The government has struck the right balance with its sweeping new data-sharing scheme which will “streamline” service delivery, the Data Commissioner has told a Senate committee hearing, which also heard a range of legal and privacy concerns about the new scheme.
A senate committee is currently conducting a whirlwind inquiry into the Data Availability and Transparency Act, which marks a significant expansion of the sharing of public sector data between agencies and private organisations.
At a public hearing on Tuesday morning, interim National Data Commissioner Deborah Anton backed the controversial new scheme, saying that the government and general public has to “engage sensibly with risk”, in a rare public appearance.
Following Ms Anton’s appearance, a number of legal organisations and civil and digital rights advocates panned the proposed data-sharing scheme, raising concerns around a lack of privacy safeguards, weak consent requirements and the bypassing of existing privacy laws.
The new scheme offers a “new path” for data sharing between public sector agencies and departments, along with outside organisations such as universities and think tanks, which is currently blocked by existing laws.
It will require consent unless it is “unreasonable” or “impracticable” to do so.
The committee will only have eight working days to consider the evidence from the public hearing before presenting its final report on Friday next week.
Labor Senators at the hearing raised a number of concerns around privacy safeguards, the role of the Commissioner and the potential for the data shared to act as a “honeypot” for hackers, foreshadowing a Parliamentary debate likely in late May.
Labor also linked the scheme with the government’s robodebt program, raising concerns it will lead to further misuse of personal data.
Ms Anton said the new scheme would “streamline” government services and provide better outcomes for Australians.
“It’s about improved public policy outcomes. We developed this bill because the world is changing. To do more with data requires that we break out of our silos and engage sensibly with risk,” Ms Anton told the Senators.
“It will enable the public service to function between and be more responsive to the needs of the Australian people. It supports the public service to do their jobs more effectively and to work with researchers to make sure we are working to solve the real problems Australians are facing today.”
The Commissioner said she believes the government has got the balance right between privacy and the greater sharing of data to enable service delivery.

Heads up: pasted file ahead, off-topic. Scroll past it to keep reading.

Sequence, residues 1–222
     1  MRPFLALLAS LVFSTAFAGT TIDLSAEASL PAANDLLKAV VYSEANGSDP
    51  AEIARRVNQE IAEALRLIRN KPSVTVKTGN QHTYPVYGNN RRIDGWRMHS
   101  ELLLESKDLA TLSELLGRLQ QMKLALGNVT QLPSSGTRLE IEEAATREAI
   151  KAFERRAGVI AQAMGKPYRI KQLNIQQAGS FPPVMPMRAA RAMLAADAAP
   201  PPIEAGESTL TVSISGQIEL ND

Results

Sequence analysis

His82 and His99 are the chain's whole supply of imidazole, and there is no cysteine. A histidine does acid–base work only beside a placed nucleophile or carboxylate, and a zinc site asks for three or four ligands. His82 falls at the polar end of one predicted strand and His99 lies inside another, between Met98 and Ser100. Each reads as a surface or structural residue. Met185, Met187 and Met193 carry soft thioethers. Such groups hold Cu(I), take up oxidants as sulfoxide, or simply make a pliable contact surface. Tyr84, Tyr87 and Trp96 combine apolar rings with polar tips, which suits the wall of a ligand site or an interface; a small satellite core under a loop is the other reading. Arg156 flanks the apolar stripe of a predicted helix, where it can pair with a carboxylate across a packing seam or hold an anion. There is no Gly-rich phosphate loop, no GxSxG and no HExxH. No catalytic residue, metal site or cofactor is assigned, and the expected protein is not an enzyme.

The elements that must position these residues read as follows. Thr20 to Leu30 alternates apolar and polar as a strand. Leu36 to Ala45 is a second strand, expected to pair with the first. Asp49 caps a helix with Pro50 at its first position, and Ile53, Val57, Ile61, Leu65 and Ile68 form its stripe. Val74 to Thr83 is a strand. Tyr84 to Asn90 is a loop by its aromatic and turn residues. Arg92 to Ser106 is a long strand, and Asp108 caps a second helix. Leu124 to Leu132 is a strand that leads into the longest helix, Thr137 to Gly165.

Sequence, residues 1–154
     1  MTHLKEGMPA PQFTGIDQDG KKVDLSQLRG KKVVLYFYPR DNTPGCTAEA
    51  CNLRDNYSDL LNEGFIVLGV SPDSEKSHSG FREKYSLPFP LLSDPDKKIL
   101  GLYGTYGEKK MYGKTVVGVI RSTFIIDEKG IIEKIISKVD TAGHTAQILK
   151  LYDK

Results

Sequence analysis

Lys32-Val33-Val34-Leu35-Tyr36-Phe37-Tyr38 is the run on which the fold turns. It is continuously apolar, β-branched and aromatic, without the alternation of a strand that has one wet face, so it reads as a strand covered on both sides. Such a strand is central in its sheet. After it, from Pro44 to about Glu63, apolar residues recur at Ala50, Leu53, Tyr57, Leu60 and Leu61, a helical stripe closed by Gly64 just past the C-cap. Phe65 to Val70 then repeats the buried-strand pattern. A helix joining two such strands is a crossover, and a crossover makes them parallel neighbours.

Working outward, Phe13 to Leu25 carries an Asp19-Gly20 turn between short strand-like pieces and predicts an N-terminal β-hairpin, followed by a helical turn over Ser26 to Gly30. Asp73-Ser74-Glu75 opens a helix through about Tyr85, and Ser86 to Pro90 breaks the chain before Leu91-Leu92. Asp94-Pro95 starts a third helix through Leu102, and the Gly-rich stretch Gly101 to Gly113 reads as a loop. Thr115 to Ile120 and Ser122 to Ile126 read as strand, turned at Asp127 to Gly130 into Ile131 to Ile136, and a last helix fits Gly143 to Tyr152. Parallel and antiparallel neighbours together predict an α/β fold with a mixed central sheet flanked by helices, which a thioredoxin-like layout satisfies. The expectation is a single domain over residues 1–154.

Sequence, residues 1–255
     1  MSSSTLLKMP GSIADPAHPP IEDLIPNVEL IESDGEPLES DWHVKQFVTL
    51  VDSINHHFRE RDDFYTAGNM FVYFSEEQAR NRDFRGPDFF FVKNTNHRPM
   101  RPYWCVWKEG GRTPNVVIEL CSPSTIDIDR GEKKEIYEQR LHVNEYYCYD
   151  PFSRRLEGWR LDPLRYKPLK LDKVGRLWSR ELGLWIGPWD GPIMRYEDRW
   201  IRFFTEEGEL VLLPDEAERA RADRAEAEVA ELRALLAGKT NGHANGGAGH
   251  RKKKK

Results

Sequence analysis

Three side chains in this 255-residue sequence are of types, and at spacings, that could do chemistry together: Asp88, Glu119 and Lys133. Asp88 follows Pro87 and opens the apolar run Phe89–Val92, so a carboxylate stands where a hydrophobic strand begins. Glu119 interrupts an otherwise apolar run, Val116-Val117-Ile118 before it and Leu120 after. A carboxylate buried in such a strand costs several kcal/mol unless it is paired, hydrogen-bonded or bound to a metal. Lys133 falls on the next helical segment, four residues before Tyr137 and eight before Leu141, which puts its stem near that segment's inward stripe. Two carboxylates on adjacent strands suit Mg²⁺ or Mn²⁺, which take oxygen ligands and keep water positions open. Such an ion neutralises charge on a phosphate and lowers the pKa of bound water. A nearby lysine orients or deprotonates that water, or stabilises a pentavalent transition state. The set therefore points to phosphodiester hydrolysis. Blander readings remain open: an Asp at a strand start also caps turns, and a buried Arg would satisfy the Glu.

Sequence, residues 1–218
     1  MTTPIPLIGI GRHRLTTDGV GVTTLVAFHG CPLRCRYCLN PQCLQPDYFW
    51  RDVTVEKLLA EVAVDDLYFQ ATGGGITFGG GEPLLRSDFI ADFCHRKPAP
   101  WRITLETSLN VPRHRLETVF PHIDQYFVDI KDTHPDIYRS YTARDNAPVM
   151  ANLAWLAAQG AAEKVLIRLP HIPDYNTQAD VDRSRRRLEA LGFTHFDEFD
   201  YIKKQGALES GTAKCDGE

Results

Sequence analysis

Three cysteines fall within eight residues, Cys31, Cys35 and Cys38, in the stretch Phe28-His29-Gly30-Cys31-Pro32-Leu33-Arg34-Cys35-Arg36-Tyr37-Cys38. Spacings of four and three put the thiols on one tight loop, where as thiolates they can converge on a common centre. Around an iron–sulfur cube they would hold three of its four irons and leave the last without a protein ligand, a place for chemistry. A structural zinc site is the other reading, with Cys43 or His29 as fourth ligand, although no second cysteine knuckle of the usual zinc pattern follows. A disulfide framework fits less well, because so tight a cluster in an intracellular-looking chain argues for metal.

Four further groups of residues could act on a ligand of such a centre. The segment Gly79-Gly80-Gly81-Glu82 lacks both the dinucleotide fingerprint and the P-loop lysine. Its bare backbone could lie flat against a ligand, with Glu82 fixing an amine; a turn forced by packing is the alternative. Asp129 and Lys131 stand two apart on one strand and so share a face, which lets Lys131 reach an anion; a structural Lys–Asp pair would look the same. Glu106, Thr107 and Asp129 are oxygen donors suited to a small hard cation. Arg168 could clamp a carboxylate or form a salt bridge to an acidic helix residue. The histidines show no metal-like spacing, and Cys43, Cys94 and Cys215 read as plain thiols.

Every other witness at the hearing was critical of the data-sharing scheme to varying degrees, with most calling for significant restructuring of the legislation before they would offer support.
Public Interest Advocacy Centre senior solicitor Chadwick Wong said the bill does not provide “sufficient safeguards” for a scheme which represents a “fundamental change” in how information is shared in the public sector, while the NSW Council for Civil Liberties’ Jonathan Gadir said there is a “discrepancy” between the government’s public statements around the plan and what’s actually in the legislation.
The proposed data-sharing structure represents an “ongoing erosion of Australian privacy law in favour of bureaucratic convenience”, Australian Privacy Foundation vice-chair Bruce Baer Arnold told the Senators.
The facilitation of greater sharing of data, around existing protections, could potentially get around client legal privilege, Law Council of Australia’s Ian Bloemendal warned.
“There is insufficient justification in the explanatory memorandum for the proposed abrogation of client legal privilege,” Mr Bloemendal said.
“It’s not a matter that should be lightly considered The Law Council opposes this blanket abrogation…that would fundamentally undermine any purported protections the bill would otherwise create.”
There were also significant concerns around the fact these significant reforms are being debated in Parliament while the government is also conducting a major review into the Privacy Act.
“You are potentially putting the cart before the horse because it will then have to respond to a new regime. There’s a legislative risk there,” Law Council Privacy Law Committee chair Olga Ganopolsky told the hearing.
“The fundamental difficulty here is at least retrospectively the data that has already been collected has largely been collected through interactions with government. It’s very difficult to cure that without a substantive and systematic approach to that very question.”
The proposed scheme also rewrites existing privacy laws, Digital Rights Watch director Lucie Krahulcova said.
“It does not make policy sense or financial sense to be passing this legislation when money is being spent reviewing the Privacy Act. Especially when this legislation will be exempt from the rules and standards in that review,” Ms Krahulcova said.
The requirement that consent be obtained unless it is impracticable to do so is “absurd” as the scheme will often involve the sharing of data from numerous individuals, Ms Krahulcova told the committee.
“It’s almost absurd because it will never be practicable to obtain consent at that level,” Ms Krahulcova said.
Electronic Frontiers Australia board member Justin Warren said the scheme is too reliant on “good intent” rather than real protections and safeguards.
“Good intent is just a start. There is some good intent behind this legislation and there are some benefits. Good intentions, while necessary, are not sufficient and there are myriad reasons to be concerned about this legislation,” Mr Warren said.
“The government demands to be trusted without first demonstrating to be trustworthy, and in fact demonstrating the opposite.”
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